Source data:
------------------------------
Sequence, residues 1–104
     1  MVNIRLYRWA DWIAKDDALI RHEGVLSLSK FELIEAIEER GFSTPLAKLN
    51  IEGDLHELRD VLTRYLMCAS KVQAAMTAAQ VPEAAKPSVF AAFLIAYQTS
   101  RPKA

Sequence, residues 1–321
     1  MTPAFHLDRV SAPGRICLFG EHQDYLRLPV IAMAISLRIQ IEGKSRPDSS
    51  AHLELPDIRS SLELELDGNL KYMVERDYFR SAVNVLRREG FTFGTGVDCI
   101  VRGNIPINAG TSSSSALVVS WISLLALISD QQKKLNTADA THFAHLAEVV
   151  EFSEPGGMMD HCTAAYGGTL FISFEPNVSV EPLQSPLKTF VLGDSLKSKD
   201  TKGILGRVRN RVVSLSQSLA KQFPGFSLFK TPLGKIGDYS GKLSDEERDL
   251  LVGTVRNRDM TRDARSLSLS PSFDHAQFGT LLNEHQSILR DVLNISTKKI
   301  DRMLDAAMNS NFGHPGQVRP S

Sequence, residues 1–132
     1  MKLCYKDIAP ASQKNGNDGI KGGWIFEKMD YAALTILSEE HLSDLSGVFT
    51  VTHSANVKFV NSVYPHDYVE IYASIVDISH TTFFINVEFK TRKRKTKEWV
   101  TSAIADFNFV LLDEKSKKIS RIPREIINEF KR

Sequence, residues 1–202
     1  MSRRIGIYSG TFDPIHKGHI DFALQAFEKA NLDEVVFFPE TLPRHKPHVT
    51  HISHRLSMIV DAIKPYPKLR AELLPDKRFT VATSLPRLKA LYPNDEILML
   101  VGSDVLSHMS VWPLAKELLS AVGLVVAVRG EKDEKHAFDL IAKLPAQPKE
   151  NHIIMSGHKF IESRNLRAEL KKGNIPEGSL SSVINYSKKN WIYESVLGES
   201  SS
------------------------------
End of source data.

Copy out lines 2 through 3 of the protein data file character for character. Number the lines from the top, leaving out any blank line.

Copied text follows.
     1  MVNIRLYRWA DWIAKDDALI RHEGVLSLSK FELIEAIEER GFSTPLAKLN
    51  IEGDLHELRD VLTRYLMCAS KVQAAMTAAQ VPEAAKPSVF AAFLIAYQTS